New ‘Bill of Rights’ will allow UK courts to deviate from ECHR ruling

Ministers are planning legislation to end the requirement for UK courts to follow human rights rulings from the European Court of Human Rights, making it clear that the Supreme Court is the ultimate judicial decision maker.

Deputy Prime Minister Dominic Raab will introduce the measures in a new bill of rights to be tabled in Parliament on Wednesday. The bill has sparked concerns from the legal community and human rights groups, calling it a “seize of power” by the state.

The proposals would mean that UK courts would not always have to follow the case law of the Strasbourg-based European Court of Human Rights.

The bill contains measures to strengthen freedom of speech. It would also make it easier to deport foreign criminals by using human rights arguments to limit their appeal rights.

The Bill of Rights, which will replace the Human Rights Act 1998, will address injunctions issued by the Strasbourg courts, such as last week’s Block the government’s maiden flight Asylum seekers to Rwanda. The bill will make it clear that these so-called “interim measures” are not binding on UK courts.

Last week, the European Court of Human Rights issued an emergency injunction against a passenger on a flight to Kigali, preventing his deportation until a high court next month challenges the legality of the government’s Rwanda policy.

Dramatic intervention in Strasbourg takes effect Soup The government’s flagship asylum-seeker policy has deeply angered Conservative MPs, but the government has no choice but to abide by existing legislation.

The move prompted Prime Minister Boris Johnson to say the UK could consider withdrawing from the human rights pact that underpins many treaties, such as the Good Friday Agreement that brought peace to Northern Ireland.

The new Bill of Rights will make it clear that the UK will remain a member of the European Convention on Human Rights and the Strasbourg Court of Justice. However, the bill would allow judges to freely deviate from Strasbourg’s rulings rather than automatically follow them.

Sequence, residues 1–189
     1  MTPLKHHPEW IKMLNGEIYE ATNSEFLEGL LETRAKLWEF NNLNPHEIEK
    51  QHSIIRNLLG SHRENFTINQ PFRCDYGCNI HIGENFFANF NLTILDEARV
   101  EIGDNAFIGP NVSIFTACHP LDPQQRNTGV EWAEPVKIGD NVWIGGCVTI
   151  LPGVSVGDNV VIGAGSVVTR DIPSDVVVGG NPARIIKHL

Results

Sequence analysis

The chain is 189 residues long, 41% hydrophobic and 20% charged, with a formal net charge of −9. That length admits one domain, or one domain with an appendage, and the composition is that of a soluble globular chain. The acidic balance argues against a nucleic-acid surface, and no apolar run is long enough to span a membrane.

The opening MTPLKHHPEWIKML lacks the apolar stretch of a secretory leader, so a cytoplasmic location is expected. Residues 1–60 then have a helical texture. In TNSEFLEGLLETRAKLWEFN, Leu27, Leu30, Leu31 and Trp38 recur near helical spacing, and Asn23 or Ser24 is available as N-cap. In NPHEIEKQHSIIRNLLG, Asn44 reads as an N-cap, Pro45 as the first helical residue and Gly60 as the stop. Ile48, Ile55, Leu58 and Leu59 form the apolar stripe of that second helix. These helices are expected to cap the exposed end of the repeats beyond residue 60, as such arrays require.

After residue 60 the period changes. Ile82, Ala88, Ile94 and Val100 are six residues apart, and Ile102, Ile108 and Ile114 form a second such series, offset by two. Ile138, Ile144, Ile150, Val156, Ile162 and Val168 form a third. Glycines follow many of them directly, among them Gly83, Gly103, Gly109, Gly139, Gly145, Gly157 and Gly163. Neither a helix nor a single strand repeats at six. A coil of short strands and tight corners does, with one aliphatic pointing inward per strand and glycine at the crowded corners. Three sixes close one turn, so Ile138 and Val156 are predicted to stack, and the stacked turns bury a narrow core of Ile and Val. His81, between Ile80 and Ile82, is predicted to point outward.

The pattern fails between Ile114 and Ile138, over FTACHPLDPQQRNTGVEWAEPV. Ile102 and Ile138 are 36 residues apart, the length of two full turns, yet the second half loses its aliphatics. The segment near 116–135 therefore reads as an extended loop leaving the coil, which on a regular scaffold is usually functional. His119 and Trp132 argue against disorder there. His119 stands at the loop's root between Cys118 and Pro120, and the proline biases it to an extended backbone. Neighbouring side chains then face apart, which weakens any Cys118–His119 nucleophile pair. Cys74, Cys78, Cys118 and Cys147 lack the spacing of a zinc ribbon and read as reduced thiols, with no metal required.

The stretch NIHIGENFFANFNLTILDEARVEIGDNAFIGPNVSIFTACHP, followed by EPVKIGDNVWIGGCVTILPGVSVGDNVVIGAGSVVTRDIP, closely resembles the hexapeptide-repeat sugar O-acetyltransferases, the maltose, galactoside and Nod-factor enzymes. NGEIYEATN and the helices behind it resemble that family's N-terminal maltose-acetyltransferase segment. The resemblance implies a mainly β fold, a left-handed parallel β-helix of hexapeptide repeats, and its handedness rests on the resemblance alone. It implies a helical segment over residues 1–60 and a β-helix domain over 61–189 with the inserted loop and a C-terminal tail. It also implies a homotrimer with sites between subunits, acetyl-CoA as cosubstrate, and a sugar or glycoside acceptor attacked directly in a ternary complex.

The Human Rights Act 1998 currently requires UK courts to “consider” the Strasbourg case and the law, but courts have interpreted the law at various times as an obligation to comply with rulings.

Raab, who is also justice minister, said: “This will end UK courts following Strasbourg’s demands. There is no teaching [case law] Strasbourg’s precedent, so there is no need – nor is the convention required. “

“We will make it clear that now that we have a Supreme Court, it should do what it says it does and be the final judicial arbiter of the meaning of rights.”

Raab noted that on Rwanda’s policy, the government “will do everything in its power to keep these flights running . . . by challenging the legal arguments as forcefully as possible, we think we have a good case for it”.

However, the Bill of Rights, stemming from the 2019 Conservative manifesto that promised to “update” the 1998 Human Rights Act, could face a bump through parliament.

It has come under fire from human rights groups. “Let’s be clear: this bill is a power grab by a government that doesn’t respect our rights,” Liberty director Martha Spurrier said.

Stephanie Boyce, president of the Bar Association, which represents lawyers in England and Wales, added: “Overall, the bill will give the state greater unfettered powers over the people that will belong to all future governments, whatever their ideology.”

The European Court of Human Rights and the European Convention on Human Rights in Strasbourg are independent of the European Union and its powerful European Court of Justice in Brussels. The UK’s membership of the Convention is not affected by Brexit.

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